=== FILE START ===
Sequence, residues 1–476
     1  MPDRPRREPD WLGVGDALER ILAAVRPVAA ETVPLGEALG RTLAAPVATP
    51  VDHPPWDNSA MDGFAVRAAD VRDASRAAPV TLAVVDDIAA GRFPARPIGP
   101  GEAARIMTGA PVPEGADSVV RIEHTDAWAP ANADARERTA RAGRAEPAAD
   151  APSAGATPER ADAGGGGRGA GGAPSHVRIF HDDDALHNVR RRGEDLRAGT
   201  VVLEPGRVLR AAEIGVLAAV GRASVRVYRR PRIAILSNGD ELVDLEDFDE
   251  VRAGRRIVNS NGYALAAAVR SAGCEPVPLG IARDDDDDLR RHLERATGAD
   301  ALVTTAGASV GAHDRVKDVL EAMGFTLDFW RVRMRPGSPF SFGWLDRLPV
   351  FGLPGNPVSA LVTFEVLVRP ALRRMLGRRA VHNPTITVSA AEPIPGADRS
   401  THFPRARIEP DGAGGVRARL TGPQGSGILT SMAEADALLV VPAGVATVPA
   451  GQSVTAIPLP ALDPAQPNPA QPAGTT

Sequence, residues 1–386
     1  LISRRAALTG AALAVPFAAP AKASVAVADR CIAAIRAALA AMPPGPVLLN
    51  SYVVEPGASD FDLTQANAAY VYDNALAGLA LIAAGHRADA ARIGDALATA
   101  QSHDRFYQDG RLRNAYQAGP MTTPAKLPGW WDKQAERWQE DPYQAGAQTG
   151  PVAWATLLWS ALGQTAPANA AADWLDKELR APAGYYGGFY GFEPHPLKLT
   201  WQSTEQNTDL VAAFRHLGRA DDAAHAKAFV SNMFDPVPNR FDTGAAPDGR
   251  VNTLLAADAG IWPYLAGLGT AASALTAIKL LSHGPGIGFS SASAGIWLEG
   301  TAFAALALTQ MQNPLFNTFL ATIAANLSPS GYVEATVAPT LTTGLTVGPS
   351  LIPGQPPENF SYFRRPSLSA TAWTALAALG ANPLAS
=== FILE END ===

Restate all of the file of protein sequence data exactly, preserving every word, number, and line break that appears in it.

Sequence, residues 1–476
     1  MPDRPRREPD WLGVGDALER ILAAVRPVAA ETVPLGEALG RTLAAPVATP
    51  VDHPPWDNSA MDGFAVRAAD VRDASRAAPV TLAVVDDIAA GRFPARPIGP
   101  GEAARIMTGA PVPEGADSVV RIEHTDAWAP ANADARERTA RAGRAEPAAD
   151  APSAGATPER ADAGGGGRGA GGAPSHVRIF HDDDALHNVR RRGEDLRAGT
   201  VVLEPGRVLR AAEIGVLAAV GRASVRVYRR PRIAILSNGD ELVDLEDFDE
   251  VRAGRRIVNS NGYALAAAVR SAGCEPVPLG IARDDDDDLR RHLERATGAD
   301  ALVTTAGASV GAHDRVKDVL EAMGFTLDFW RVRMRPGSPF SFGWLDRLPV
   351  FGLPGNPVSA LVTFEVLVRP ALRRMLGRRA VHNPTITVSA AEPIPGADRS
   401  THFPRARIEP DGAGGVRARL TGPQGSGILT SMAEADALLV VPAGVATVPA
   451  GQSVTAIPLP ALDPAQPNPA QPAGTT

Sequence, residues 1–386
     1  LISRRAALTG AALAVPFAAP AKASVAVADR CIAAIRAALA AMPPGPVLLN
    51  SYVVEPGASD FDLTQANAAY VYDNALAGLA LIAAGHRADA ARIGDALATA
   101  QSHDRFYQDG RLRNAYQAGP MTTPAKLPGW WDKQAERWQE DPYQAGAQTG
   151  PVAWATLLWS ALGQTAPANA AADWLDKELR APAGYYGGFY GFEPHPLKLT
   201  WQSTEQNTDL VAAFRHLGRA DDAAHAKAFV SNMFDPVPNR FDTGAAPDGR
   251  VNTLLAADAG IWPYLAGLGT AASALTAIKL LSHGPGIGFS SASAGIWLEG
   301  TAFAALALTQ MQNPLFNTFL ATIAANLSPS GYVEATVAPT LTTGLTVGPS
   351  LIPGQPPENF SYFRRPSLSA TAWTALAALG ANPLAS